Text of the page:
ITV News Central has been told girls from the UK are being taken abroad to be genitally mutilated. It is illegal to carry out female genital mutilation (FGM) in the UK or to take a British girl abroad to get it done.
Siham, a 20-year-old student from Birmingham says FGM is child abuse and that it is being done to girls from the UK.
FGM has been against the law in the UK since 1985 but no one has ever been prosecuted for it although cases of it happening in the UK have been investigated.
Now that may be changing.
From April this year NHS hospitals will be required to record:
1 If a patient has had FGM
2 If there is a family history of FGM
3 If an FGM-related procedure has been carried out on a women - (deinfibulation)
By September this year, all acute hospitals must report this data centrally to the Department of Health on a monthly basis.
A select committee inquiry is also investigating why there have not been any prosecutions for FGM in almost 30 years. It is being supported by the Home Office.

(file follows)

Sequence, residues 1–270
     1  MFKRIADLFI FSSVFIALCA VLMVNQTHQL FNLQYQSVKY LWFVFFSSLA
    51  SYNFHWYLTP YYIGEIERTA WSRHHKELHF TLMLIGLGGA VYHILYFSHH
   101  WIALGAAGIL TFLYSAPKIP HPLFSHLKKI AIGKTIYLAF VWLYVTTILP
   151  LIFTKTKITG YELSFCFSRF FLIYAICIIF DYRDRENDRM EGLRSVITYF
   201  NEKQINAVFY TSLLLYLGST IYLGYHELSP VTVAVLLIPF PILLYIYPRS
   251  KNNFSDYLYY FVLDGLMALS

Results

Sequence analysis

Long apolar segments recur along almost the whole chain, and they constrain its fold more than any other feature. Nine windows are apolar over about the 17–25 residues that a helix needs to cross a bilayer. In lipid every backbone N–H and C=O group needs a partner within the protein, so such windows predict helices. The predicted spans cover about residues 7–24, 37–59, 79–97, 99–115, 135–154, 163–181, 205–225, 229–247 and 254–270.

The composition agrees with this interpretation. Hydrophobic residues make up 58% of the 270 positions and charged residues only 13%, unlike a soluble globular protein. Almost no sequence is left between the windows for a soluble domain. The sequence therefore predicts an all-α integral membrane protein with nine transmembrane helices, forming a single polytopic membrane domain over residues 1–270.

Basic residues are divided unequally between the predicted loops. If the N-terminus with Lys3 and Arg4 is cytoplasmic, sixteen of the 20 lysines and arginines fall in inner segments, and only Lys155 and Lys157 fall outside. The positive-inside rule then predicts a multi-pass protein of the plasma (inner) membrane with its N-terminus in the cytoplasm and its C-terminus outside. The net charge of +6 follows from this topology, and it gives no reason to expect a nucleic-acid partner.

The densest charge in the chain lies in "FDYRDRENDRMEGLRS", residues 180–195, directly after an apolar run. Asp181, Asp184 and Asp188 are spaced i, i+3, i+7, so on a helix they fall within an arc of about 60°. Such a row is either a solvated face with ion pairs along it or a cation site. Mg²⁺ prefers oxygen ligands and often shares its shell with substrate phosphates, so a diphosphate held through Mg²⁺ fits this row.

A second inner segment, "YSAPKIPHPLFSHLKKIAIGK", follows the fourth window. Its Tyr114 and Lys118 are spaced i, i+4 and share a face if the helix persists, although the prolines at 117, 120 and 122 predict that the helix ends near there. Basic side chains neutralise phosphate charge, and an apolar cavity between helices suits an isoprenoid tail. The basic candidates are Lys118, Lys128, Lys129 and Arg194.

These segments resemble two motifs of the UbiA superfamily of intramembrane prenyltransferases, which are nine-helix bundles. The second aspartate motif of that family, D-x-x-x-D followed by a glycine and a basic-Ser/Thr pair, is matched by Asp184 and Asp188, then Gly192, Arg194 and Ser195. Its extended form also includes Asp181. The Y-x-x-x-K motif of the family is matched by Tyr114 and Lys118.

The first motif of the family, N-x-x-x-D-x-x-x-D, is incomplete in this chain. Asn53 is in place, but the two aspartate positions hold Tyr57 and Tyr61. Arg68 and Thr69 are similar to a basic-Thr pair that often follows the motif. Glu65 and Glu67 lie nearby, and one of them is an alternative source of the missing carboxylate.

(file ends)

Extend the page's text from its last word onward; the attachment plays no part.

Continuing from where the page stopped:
The announcement comes after a midwife in the West Midlands said she is treating around five or six women a week in her specialist clinic for FGM. She says many women may not understand fully what FGM is or why it has been done to them and it only becomes apparent when she has a baby.
The government's decision to require hospitals to record instances of FGM will be good news for girls like Siham who are suffering, long after the cutting knives are put away.
When Siham was 12 she had reached puberty and was in so much pain because of what had been done to her as a child, she had to go to a doctor for help.
A few days later she tried visiting a female doctor who did not know what FGM was either. She gave up.
There are thousands of women across the UK who are in Siham's situation. They know only too painfully that without real determination to bring offenders to justice and to stop this brutal practice, more girls will suffer.
If you have suffered FGM or know someone who has, Daughters of Eve is a specialist charity offering support to women who have been mutilated. The NSPCC also has a national helpline for anyone to call if they think someone is at risk of FGM.